On the day we arrive at her west London maisonette,
Toyah Willcox is preparing to fly off to Australia for I'm a Celebrity,
Get Me Out of Here! She is reflecting on having to battle her way through
jungle life "with more SAS-style action promised this time round" in the
company of Wayne Sleep, Danniella Westbrook and other fellow celebrities.
Why do it? "It suits my exhibitionist nature," she states, refreshingly.
The little flat gives further evidence of Toyah's
exhibitionist nature. Gold discs, awards, album cover artworks and myriad
Toyah! signatures cover the walls, while screenprints of her face rest
on surfaces and her autobiography is prominently displayed on a shelf.
Elsewhere there are crosses, seashells, and books on her heroine, Dora
Maar, the lover and muse of Picasso whose own considerable artistic talent
was submerged by the ego of her more famous companion.
Toyah is using her time in the Australian outback
to take a break from her lead role in a production of Calamity Jane, which
comes to the West End soon after she returns. It was between rehearsals
of the production that she made an album, Velvet Lined Shell, which is
far heavier than what you might expect from a former presenter of The Heaven
and Earth Show.
"We're all into heavy music," says Toyah as she
brings us tea and Hobnobs. "I love Nick Cave and PJ Harvey - and if anyone's
inspired this album, it's her. We were rehearsing Calamity in Northampton
from 10 until 6, and then I drove to Birmingham and worked through the
night on the album. I'm spurred on by lack of time and needing to be somewhere
else, so we recorded the tracks when we were hungry, tired, and wanted
to do them as quickly as possible. It reminded me of my early touring days,
when you would forget to eat, forget to sleep, spend all your money on
alcohol and then do a gig."
The rock'n'roll life goes hand in hand with hanging
around for hours in smoky dressing rooms, but these days Toyah has done
away with that, and her rock career must be fitted in around other commitments.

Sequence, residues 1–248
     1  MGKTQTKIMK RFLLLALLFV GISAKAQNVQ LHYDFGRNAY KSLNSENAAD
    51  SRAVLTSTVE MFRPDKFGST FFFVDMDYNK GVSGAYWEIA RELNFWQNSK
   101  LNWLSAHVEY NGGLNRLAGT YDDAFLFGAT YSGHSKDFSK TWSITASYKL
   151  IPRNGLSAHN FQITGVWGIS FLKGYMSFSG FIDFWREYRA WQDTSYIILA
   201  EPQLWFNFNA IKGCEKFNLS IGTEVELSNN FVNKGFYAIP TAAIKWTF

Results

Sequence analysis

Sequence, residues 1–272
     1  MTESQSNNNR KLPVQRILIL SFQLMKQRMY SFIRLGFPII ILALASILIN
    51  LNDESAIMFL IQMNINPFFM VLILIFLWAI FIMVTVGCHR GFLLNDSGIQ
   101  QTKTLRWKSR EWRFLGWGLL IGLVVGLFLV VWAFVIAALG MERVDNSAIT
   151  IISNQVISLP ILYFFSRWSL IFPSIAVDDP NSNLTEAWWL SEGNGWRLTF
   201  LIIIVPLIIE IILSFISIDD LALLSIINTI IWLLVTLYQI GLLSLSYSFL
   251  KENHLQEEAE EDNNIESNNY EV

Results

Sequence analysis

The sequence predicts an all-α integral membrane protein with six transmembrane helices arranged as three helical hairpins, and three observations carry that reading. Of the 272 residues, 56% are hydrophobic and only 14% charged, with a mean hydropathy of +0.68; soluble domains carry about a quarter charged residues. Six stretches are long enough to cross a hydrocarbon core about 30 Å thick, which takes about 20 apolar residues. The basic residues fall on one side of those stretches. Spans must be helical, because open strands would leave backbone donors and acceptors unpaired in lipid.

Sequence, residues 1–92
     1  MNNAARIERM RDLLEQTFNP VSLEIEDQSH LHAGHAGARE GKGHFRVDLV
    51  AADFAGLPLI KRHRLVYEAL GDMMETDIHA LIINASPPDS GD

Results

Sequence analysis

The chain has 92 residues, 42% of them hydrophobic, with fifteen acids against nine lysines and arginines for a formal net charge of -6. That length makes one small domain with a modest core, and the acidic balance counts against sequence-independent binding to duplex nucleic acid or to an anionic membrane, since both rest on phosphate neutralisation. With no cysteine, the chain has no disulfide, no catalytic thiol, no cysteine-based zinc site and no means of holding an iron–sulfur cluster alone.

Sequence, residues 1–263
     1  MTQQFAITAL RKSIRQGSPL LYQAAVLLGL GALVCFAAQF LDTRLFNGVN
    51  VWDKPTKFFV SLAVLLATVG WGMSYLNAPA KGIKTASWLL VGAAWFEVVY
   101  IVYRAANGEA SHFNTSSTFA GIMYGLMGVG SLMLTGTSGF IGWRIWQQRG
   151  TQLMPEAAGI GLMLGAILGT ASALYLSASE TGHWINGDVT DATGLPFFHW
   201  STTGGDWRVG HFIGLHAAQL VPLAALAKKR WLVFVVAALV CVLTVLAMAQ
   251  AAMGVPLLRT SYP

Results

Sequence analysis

One of the songs, all of which were written in the London flat, is Mother,
a dark, lush mood piece that makes Toyah sound like a slightly menacing
sexual predator. "I said to my musical partner, 'My problem is that I'm
44 and I like 20 year-old blokes.' He told me to write about it. But everyone
I've played it to thinks it's about paedophilia. The problem is that people
expect controversy with me, and they haven't got it really."
Much of Toyah's musical choices are fashioned
around having a suitable soundtrack for her regular aerobics workouts,
and she finds that Marilyn Manson fits the bill perfectly. "He's a good
one for aerobics, and a good one for kicking arse," she says. "We're big
friends with a group called Tool who have the same ethic: breaking all
the American taboos in a smart way. I think Marilyn Manson has a better
take on America than Michael Moore and I don't think he's appreciated for
his intellect. There's no range in his voice so I don't know where he can
go, but as a performer he's so sexy."
PJ Harvey's last album, Stories from the City,
Stories from the Sea, was the biggest guide for Toyah's own record. "She
picks the right keys for her voice; she never goes beyond it into someone
else's territory and that's very clever," she says. "I know that I'll try
anything and that's my downfall, but she knows her territory and she claims
Then there is Roxy Music, whose first three albums
had a camp sense of humour that was lost in their later recordings. This
may well have had something to do with the departure of Brian Eno, a long-time
musical collaborator of Toyah's husband, Robert Fripp, and a good friend.
"He's a really nice, kind gentleman who cycles
round Notting Hill and whose main creative endeavours only ever go on inside
his head," she says of the man who once combined a peacock feather collar,
a bald pate and foot-long side tresses to remarkable visual effect. "My
own teenage style was modelled on Barbara Hulanicki's Biba look, which
was based around smart 1930s chic. Roxy Music crystallised that look and
made it high fashion. You felt that they were living the dream."
Toyah is hardly the first pop star to cite Bowie
as an influence, but she is unusual in holding up his last album, Heathen,
as his best. "It sounds like the last gasp of a dying man, and I mean that
in a romantic way," she says. "Bowie has based his life around being youthful,
beautiful and sexually attractive. He has understood the transience of
that, for the first time, on this album. It is a moment of spiritual recognition
and he has done it beautifully."
Bowie asked Fripp to play on Heathen, having worked
with him before on his albums Heroes and Scary Monsters. Four years ago,
Fripp was working as musician-in-residence at the World Trade Centre and
met Bowie there to discuss plans for his proposed album. To Toyah's great
disappointment, he never did. "Bowie went to meet up with Robert a few
years ago, and then we didn't hear anything apart from getting an email
at Christmas," says Toyah. "But I think you can hear Robert's influence
on Heathen. It has an organic feel, like the songs were written 12 hours
before they were recorded. He's gone back to doing what he does best, and
I have a feeling that he won't manage to do it again."
The Guardian, 2003